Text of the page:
This Is How NASA Plans to Land the 2020 Rover on Mars

The most dangerous part of NASA’s upcoming mission to Mars will be landing the rover on the Red Planet. The millions of dollars spent, the countless hour of work and the hopes of an entire planet would all have been in vain if the machine lands in such a way as to be rendered useless. That is why the agency will do something never attempted before with an uncrewed spacecraft.
How NASA's TRN will guide the rover down to the surface 1 photo
Photo: NASA/JPL-Caltech
Back in May, NASA used a helicopter to test the rover’s Lander Vision System (LVS). This technology is supposed to be the eyes with which the ship will determine whether the chosen landing site is safe.
If not, it can choose to land elsewhere.

The LVS is part of the Terrain-Relative Navigation (TRN) system, an autopilot of sorts that will steer the spacecraft toward a safe landing zone within the Jezero Crater.

The LSV will kick into operation at 3,000 feet (3,960 m) above the surface and scan the ground below, looking for patterns in contrasting light and dark that could signal cliffs, craters, boulder fields and mountains.

In the span of just 25 seconds, it compares these images with the stored map and after a number of lightning-fast calculations, the TRN begins its own comparison.

If anything suspicious is found, the rover can be steered on a new trajectory that would take it to a distance of up to 2,000 feet (600 m) from the initial landing site.

The ship's approach on this maneuver is similar to the one used by Neil Armstrong to make last-minute corrections to the Eagle module and put it down on the Moon in an entirely different place than where NASA was planning to land it. The main difference is the 2020 rover will have to do this by itself.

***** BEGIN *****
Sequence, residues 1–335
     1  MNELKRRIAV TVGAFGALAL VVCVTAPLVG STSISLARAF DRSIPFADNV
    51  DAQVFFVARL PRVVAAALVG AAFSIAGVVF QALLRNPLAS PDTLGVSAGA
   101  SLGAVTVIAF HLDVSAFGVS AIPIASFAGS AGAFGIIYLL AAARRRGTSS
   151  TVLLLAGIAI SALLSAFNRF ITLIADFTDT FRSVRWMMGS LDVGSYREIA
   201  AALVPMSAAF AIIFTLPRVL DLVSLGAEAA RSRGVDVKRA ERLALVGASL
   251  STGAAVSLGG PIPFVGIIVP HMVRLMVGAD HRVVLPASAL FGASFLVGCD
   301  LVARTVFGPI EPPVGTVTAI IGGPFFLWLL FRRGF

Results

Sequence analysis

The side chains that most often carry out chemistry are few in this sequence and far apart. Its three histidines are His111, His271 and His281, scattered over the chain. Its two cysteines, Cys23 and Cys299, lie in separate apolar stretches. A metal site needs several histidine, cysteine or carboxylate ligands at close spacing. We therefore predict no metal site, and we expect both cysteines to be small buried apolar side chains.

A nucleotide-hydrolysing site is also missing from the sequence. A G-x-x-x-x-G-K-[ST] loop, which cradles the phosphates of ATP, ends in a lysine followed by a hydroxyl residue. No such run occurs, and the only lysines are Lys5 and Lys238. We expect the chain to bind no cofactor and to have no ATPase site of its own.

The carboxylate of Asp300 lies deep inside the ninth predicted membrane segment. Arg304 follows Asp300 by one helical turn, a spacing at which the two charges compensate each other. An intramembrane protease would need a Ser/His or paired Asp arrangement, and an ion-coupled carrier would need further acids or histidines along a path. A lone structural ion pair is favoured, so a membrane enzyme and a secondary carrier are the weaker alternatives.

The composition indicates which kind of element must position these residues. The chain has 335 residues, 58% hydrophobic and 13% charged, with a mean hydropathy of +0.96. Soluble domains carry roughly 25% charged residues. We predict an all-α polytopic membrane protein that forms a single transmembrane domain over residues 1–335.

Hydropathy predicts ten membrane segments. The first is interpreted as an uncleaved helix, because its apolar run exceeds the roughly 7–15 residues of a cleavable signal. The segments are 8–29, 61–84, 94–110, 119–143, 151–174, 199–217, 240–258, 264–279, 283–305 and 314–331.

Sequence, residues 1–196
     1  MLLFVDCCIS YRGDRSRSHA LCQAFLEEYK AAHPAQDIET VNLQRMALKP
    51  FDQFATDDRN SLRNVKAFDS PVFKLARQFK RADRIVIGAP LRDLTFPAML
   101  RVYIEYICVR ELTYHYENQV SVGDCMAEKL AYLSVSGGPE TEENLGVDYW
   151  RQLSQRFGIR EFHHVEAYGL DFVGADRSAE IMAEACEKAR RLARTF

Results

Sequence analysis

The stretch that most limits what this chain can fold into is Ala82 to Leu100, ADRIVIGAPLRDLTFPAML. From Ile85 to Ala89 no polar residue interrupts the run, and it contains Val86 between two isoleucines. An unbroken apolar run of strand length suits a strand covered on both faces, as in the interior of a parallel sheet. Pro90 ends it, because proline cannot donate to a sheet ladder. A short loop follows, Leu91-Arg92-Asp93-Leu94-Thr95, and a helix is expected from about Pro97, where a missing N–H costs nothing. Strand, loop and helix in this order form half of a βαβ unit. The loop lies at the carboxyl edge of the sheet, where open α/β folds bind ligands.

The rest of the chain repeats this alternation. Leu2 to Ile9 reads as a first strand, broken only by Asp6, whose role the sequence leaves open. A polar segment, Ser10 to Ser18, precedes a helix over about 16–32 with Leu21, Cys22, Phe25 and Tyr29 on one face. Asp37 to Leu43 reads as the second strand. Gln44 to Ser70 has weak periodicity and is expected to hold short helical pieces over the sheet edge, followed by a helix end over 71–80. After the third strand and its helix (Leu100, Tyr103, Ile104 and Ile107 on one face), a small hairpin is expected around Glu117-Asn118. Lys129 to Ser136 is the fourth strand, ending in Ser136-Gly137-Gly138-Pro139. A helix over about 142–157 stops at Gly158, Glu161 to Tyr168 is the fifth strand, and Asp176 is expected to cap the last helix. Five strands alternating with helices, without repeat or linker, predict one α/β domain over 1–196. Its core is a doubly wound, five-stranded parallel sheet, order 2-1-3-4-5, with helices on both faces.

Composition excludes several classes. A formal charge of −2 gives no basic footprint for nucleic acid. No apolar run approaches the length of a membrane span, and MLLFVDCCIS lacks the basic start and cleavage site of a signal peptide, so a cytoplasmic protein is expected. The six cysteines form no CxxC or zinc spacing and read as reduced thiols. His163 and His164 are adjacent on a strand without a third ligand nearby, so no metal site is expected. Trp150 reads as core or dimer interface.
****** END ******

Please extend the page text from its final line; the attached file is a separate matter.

"There had been Moon landings with robotic spacecraft before Apollo 11," said Al Chen, entry, descent and landing lead for NASA's Mars 2020 mission.

"But never before had a spacecraft on a descent toward its surface changed its trajectory to maneuver out of harm's way. What we needed was a Neil Armstrong for Mars. What we came up with was Terrain-Relative Navigation."

More details on how the landing is supposed to go can be found in the document and video attached below.

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About the author: Daniel Patrascu
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Daniel loves writing (or so he claims), and he uses this skill to offer readers a "behind the scenes" look at the automotive industry. He also enjoys talking about space exploration and robots, because in his view the only way forward for humanity is away from this planet, in metal bodies.
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